A few days later, Stephen returned with the idea to make “pack packs” for the children (at the time he struggled to pronounce his b’s). Normally children with autism don’t show empathy, and so Nancy immediately knew this was special. She went out right away and bought 15 backpacks, and their family delivered them to Inn From the Cold in Calgary that evening.
Community Catches on and backpacks take-off
The following year Anne Beaty at the Airdrie Echo heard about Stephen and sat down with the family for an interview. During it, she asked Stephen how many backpacks he would like to make the following year. Confident and without delay he said, “150!” Nancy was shocked – and a little doubtful.
“I just about fell off the chair!” she said as she re-enacted how surprised she was.
But the backpacks started flooding in – 275 in total. “I thought we were going to have to move out of the house there was so many backpacks,” she laughed.
The huge response urged Stephen to dream bigger, and Stephen dreaming bigger urged Nancy to make it happen.
“She is 100 per cent behind her son. She really believes in his dream and it is important to her to have his dream happen,” Marianne Symons, program coordinator at Calgary Healthy Families Collaborative said. Symons met Nancy when Stephen’s Backpacks Society donated to their collaborative from 2012 – 2014.
So each year the backpacks multiplied, and each year the McPhee’s reached to farther places. “It became a full time job,” Nancy said. James sold his business and the two started working full time on the backpacks. Last year, with the help of 500 volunteers, 300 corporate sponsors and 30 schools, they were able to donate 4,050 backpacks across Alberta and Saskatchewan.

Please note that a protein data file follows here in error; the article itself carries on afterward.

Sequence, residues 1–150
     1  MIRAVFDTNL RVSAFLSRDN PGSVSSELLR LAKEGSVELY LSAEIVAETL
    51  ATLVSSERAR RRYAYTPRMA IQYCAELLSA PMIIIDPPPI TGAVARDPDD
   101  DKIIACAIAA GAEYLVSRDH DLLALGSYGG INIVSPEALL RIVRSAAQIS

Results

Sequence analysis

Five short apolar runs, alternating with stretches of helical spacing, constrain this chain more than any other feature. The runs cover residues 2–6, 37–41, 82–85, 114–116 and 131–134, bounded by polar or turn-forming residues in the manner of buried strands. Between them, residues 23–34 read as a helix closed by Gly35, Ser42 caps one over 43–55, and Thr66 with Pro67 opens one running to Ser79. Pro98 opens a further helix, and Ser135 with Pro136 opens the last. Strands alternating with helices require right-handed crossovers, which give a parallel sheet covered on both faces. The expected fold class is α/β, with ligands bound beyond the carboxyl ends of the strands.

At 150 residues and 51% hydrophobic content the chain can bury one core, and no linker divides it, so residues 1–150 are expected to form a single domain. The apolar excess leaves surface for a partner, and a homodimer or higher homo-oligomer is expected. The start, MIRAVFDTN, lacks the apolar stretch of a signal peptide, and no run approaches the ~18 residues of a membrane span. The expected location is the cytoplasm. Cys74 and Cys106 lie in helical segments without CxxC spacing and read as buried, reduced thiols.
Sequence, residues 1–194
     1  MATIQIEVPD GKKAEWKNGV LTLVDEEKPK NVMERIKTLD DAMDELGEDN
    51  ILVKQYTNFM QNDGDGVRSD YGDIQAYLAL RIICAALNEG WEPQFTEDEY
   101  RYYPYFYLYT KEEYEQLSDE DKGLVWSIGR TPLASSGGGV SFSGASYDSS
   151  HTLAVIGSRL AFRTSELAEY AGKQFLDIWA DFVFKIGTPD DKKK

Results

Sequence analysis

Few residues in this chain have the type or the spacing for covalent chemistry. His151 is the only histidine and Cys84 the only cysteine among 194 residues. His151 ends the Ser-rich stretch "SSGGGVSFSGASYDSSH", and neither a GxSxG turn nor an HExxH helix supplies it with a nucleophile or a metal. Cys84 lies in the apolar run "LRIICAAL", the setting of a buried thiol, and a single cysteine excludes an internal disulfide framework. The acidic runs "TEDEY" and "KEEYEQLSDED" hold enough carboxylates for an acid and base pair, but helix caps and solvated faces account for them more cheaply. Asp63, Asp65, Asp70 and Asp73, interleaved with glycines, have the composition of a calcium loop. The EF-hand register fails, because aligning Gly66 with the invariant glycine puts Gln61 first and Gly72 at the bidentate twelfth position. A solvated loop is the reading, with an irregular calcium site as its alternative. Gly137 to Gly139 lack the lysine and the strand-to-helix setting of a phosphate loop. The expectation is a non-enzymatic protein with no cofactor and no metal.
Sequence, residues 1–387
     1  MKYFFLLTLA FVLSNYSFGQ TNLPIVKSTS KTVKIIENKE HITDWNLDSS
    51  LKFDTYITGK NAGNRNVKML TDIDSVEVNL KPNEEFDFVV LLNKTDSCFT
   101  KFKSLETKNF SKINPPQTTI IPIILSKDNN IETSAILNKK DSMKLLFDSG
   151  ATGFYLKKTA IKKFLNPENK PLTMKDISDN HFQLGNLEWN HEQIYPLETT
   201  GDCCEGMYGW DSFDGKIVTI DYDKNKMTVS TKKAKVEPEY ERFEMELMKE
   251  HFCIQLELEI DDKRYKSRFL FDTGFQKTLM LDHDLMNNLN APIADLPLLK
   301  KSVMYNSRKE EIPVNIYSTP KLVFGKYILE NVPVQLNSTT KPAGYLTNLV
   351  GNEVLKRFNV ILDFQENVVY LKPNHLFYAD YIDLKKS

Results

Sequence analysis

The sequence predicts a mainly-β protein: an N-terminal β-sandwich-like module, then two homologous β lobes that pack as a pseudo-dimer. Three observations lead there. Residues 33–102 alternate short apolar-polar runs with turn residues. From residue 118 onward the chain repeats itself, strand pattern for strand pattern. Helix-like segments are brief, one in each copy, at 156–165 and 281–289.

The backpacks really have an impact on families that struggle financially.
“If you only have three kids in the picture and you have $18,000 to pay rent, buy clothes, buy food, and buy incidentals, it doesn’t go very far. And so a backpack becomes a luxury,” Symons explained. Because of this, Stephen’s Backpacks Society has been greatly accepted by many organizations helping families get back on their feet.
And although he is 15 this year, that first December wasn’t a one-off for Stephen. As he grew up, his passion grew as well. And his passion to help began to reflect his mother’s.
When I asked Stephen what he thought about his mom he paused for a bit and then said, “She makes me feel like I got my big heart from her.”
Maybe this collision of compassion and giving can be passed on. Nancy’s mother once paved the way, but now the responsibility has been handed to her. Stephen is walking in Nancy’s footsteps, and everyday, she works to clear the path. But some of the debris are not small.